The election was a mixed bag for improving the diversity of the 120-member California Legislature to better reflect the state’s changing demographics.
Though a few races have yet to be called, the California Latino Legislative Caucus is celebrating a successful year that saw its numbers rise to 27 from 22, tying the 2005-06 session for its largest membership. The jump was driven by a doubling of Latina lawmakers to 10, the most ever.
(The Democratic caucus does not include Republican Assemblyman Rocky Chávez of Oceanside, who is also Latino, in its figure.)
“This cycle is one where Latinos have been subjected to attacks of racially divisive rhetoric,” caucus chair Luis Alejo, a termed-out assemblyman from Salinas, said in a statement Friday. “In spite of that, our candidates rose to the occasion and have strengthened our state Legislature. Some of these regions will have the first ever Latino representative at the state level.”
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But the number of women projected to serve next year will plunge from 31 to just 27. That’s the fewest female lawmakers at the Capitol in nearly three decades, according to data compiled by the California State Library, and a full third less than at its peak in the 2003-04 session, when there were 40 women.
It could drop even further if Assemblywoman Ling Ling Chang, R-Diamond Bar, loses her lead to Democrat Josh Newman in the increasingly tight race for the 27th Senate District once the final ballots there are counted.
The contrast is stark between the two houses.
Like California, the Assembly is set to become “majority-minority” in the 2017-18 session, meaning more than half of its members will be Latino, Asian, black or mixed-race. But the Senate will be at least three-quarters white – in a state where whites have fallen to 38 percent of the population, according to the latest U.S. Census estimates, and Latinos are now the largest ethnic group.
Women, however, are terribly underrepresented in both. Female lawmakers will likely make up just a quarter of the Senate and 21 percent of the Assembly next year.
WORTH REPEATING: “I need y’all to hurry up & finish counting votes for SD29. I can’t have my mom here 24-7; she’s driving me nuts!” – Chang channeling her dog Buster in a tweet
DACA-NXIETY: President-elect Donald Trump’s campaign promise to repeal the Deferred Action for Childhood Arrivals program has unnerved hundreds of thousands of undocumented young people who were exempt from deportation under the Obama policy for immigrants brought to this country illegally as children. Many of them are students in California and have begun calling on their colleges and universities to help protect them from the Trump administration.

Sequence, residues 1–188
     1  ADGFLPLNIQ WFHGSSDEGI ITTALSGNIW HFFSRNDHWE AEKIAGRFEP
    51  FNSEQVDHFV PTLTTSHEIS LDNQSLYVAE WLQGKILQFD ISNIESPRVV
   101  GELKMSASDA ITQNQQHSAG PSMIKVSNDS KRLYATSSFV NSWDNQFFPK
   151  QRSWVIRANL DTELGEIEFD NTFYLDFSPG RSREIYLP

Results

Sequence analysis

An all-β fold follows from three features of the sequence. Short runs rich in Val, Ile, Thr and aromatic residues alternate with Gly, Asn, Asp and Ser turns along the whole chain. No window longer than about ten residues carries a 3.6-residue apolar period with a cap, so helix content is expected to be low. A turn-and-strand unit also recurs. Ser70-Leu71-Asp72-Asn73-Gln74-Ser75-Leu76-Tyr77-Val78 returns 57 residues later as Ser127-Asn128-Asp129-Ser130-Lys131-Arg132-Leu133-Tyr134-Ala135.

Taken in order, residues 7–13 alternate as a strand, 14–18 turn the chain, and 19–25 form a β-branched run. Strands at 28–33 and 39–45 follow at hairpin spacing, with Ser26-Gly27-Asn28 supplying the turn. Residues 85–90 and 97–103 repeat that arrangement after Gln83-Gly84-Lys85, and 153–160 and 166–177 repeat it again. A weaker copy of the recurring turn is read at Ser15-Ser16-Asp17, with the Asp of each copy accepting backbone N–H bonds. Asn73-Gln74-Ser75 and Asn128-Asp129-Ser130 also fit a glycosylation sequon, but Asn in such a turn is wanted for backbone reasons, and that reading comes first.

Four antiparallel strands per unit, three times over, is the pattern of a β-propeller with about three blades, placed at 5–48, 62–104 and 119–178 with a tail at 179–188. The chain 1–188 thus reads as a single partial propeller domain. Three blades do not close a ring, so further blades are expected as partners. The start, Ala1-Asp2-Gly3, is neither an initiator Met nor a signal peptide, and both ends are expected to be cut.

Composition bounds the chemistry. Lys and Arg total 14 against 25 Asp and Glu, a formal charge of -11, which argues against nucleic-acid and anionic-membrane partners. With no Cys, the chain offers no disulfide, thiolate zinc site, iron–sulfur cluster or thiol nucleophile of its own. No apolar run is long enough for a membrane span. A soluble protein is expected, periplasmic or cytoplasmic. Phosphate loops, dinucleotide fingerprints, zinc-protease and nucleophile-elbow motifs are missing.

They have the support of some powerful allies, including Lt. Gov. Gavin Newsom, who last week issued open letters to the state’s public higher education systems urging them to become “sanctuary campuses.” None has gone quite that far yet, but California State University Chancellor Timothy White affirmed last week that CSU police would not cooperate with federal immigration authorities or honor any immigration hold requests. University of California President Janet Napolitano, a former head of Homeland Security, said she had formed a task force to examine how UC could support its estimated 3,700 undocumented students.
Sacramento State President Robert Nelsen also promised last week that his campus would be “safe for undocumented students.” The university is hosting a summit on the issue today which will feature a keynote address from journalist and undocumented immigrant activist Jose Antonio Vargas, 12:30 p.m. at the University Union Ballroom.
BY THE NUMBERS: The California Department of Insurance last week reported a modest and unexpected decrease in uninsured motorists in the state. The number of insured vehicles increased last year by about 200,000 more than the number of registered vehicles – a difference the department attributed to AB 60, the law granting driver’s licenses to immigrants who are in the country illegally, which took effect in 2015. Proponents of AB 60 argued that the policy would help make roads safer by encouraging those drivers to get properly trained and insured.
MAJOR KEY ALERT: A change of assignment for U.S. Sen. Dianne Feinstein has thrust the veteran lawmaker into a key role on Capitol Hill. Now the ranking Democrat on the Senate Judiciary Committee, Feinstein will be a central figure in what are expected to be bruising confirmation fights for Trump’s Supreme Court and attorney general nominees. While promising to “hear him out,” Feinstein said, “We simply won’t stand aside and watch the tremendous successes achieved over the past eight years be swept away or allow our nation’s most vulnerable populations to be targeted.” Perhaps the San Francisco Chamber of Commerce can get her thoughts on Trump’s recent attorney general pick Jeff Sessions – the Republican senator from Alabama whose racist comments sunk his 1986 nomination for a federal judgeship – when it hosts Feinstein for a public policy forum at noon.